by Lynn on November 18, 2011

in The Passionate Playgoer

These reviews aired on Friday, November 18, 2011 on CIUT 89.5 FM between 9 am and 10 am: THE LIFE AND TIMES OF MACKENZIE KING at The Cameron House and THE CHILDREN’S REPUBLIC at the Tarragon Theatre. Damon Scheffer is the host of the as yet,no name show.


1) It’s Friday morning and it’s time for some theatre talk. Lynn Slotkin, our theatre critic and passionate playgoer, is here to tell us what she’s been up to.

Hi Lynn.

What are you going to talk about this week?

Two plays dealing with historical figures.

THE LIFE AND TIMES of MACKENZIE KING is of course about the longest running Prime Minister in Canadian history.

His first term was in the 1920s.

The second play is THE CHILDREN’S REPUBLIC and is about Janusz Korczak, a Polish-Jewish pediatrician.

In 1939 he was running an orphanage in Warsaw, which he created years before. And by 1942 the orphanage was moved to inside the Warsaw Ghetto and eventually all the children and Korczak were taken to a concentration camp and never heard of again.

So two plays dealing with historic events.



I don’t think I’m alone in saying that when you mention Canadian history, people’s eyes glaze over.


Not in this case.

In this case we have a powerful force that takes Canadian history and turns it on its ear, showing the back stabbing shenanigans, the nefarious doings, the political intrigue, and generally illuminating the seriously farcical, satiric folly known as the history of Canada.

And that powerful force is a theatre company called VideoCabaret.

The co-artistic directors, Michael Hollingsworth and Deanne Taylor, have created a type of theatre for people raised on rock and roll and television.

The playing area is a black box. Costumes and wigs are exaggerated. The acting style is heightened, almost over-played Each scene is no longer than a minute sometimes as short as 30 seconds. Which means that the writing is spare and precise.

Every gesture, every glance means something. It’s almost like watching a close-up on television. The result is Canadian history as you have never seen or heard it before.


3) OK how does this work with THE LIFE AND TIMES OF MACKENZIE KING?


This play is part of a huge cycle of plays that Hollingsworth has written called THE HISTORY OF THE VILLAGE OF THE SMALL HUTS of which THE LIFE AND TIMES OF MACKENZINE KING is just one part.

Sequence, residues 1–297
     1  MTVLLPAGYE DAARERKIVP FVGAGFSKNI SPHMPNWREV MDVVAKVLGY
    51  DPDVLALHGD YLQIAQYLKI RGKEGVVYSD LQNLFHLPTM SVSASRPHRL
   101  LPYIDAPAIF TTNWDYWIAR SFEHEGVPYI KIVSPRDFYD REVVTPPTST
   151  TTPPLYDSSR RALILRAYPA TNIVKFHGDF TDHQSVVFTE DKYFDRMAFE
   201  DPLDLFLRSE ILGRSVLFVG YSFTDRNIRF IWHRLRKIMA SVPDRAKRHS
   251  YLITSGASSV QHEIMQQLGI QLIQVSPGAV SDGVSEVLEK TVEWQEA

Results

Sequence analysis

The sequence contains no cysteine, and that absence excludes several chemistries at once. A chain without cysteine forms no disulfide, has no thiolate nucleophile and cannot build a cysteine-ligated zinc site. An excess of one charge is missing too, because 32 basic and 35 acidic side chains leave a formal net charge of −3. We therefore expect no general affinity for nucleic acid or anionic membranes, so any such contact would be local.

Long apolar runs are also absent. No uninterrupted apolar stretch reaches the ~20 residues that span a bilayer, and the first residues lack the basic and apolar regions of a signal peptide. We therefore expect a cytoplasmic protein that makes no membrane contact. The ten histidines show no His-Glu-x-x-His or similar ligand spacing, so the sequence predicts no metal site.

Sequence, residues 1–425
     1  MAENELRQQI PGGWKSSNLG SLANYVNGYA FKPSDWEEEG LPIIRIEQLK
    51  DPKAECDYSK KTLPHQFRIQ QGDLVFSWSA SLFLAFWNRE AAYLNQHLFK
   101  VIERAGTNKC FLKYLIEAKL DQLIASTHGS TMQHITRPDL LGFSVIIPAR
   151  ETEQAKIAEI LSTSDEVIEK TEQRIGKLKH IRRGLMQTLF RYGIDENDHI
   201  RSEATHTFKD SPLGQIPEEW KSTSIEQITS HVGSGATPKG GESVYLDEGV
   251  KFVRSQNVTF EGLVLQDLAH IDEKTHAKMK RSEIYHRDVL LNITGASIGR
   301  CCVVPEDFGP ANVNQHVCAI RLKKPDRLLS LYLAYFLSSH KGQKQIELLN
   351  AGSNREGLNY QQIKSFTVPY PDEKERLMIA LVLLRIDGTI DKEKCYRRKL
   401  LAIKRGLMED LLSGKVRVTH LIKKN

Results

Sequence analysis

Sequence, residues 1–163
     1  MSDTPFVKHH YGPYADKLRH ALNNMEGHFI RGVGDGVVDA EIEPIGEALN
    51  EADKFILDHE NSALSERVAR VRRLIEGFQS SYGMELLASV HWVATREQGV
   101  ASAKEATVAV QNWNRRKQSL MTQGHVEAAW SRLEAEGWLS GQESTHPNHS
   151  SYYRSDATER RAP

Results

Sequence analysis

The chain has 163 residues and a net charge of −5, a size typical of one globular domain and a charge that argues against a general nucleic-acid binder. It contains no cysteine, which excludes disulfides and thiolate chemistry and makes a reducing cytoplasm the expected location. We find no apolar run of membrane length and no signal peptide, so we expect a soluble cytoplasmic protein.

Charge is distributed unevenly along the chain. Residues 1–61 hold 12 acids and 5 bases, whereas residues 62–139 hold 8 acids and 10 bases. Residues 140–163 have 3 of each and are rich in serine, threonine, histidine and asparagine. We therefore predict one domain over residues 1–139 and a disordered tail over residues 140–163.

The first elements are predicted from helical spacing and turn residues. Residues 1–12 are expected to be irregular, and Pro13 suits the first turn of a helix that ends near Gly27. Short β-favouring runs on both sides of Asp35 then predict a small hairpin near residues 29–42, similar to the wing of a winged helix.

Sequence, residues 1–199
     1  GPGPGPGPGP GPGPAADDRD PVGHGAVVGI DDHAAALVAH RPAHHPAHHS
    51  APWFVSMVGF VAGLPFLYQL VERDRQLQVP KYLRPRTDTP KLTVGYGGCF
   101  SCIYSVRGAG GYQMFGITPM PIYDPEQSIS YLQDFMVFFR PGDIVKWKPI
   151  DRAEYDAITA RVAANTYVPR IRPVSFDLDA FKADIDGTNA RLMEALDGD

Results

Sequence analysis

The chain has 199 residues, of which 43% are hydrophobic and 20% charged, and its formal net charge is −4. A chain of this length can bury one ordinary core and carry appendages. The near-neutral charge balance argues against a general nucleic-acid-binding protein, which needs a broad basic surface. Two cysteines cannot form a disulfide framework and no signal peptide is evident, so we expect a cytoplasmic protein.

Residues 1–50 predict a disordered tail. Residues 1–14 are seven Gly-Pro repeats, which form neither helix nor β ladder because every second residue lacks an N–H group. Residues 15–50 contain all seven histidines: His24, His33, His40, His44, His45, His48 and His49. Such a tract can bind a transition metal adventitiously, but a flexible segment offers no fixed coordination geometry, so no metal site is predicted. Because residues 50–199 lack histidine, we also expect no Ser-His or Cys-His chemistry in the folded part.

The Village of the small huts is really Canada.

The play starts just after WWI.

It’s an uproarious look at the rough and tumble life of William Lyon Mackenzie King, back room politics and the effect on the common Canadian in the early 20s and 30s.

There is a huge cast of characters beginning with William Lyon Mackenzie King who is desperate to be Prime Minister. And he gets his wish. He was Prime Minister off an on for 22 years.

Using wiliness, political smarts and the occasional séance, Mackenzie King ruled.

He depended heavily on his mother for advice—even when she was dead.

Seeing how politicians try to outmaneuver around each other is part of the biting humour of the piece. Hollingsworth also shows the crushing effect of the Depression on the common man that is quite moving.


4) What is the production like if it tries to emulate television?


As I said, scenes are very short and precise. The thought or political revelation gets right to the point quickly.

Six actors play about 60 characters and the occasional animal. And each actor is dandy, doing terrific work.

There is a lot of quick change from suits to dresses to wigs to voice and accent. You are never in doubt as to what character an actor is playing.

Hollingsworth also directs and he has such a sharp eye for the telling detail, and a keen sense of how a side-long look can be hilarious or informative.

I think this is one of the best productions in the whole series, and they all are wonderful. Very funny and terribly moving.

It is the most entertaining, perceptive, witty history lesson you wish you had in high school.

And of course I and a huge group of fans are not the only one that see VideoCabaret’s brilliance.

The Stratford Shakespeare Festival is also charmed. Because next summer VideoCabaret will be bringing their play THE WAR OF 1812 to the Stratford Festival, in a specially made small black box space.

Should be interesting.


5) And now for something completely different, THE CHILDREN’S REPUBLIC at Tarragon Theatre.

Tell us about that.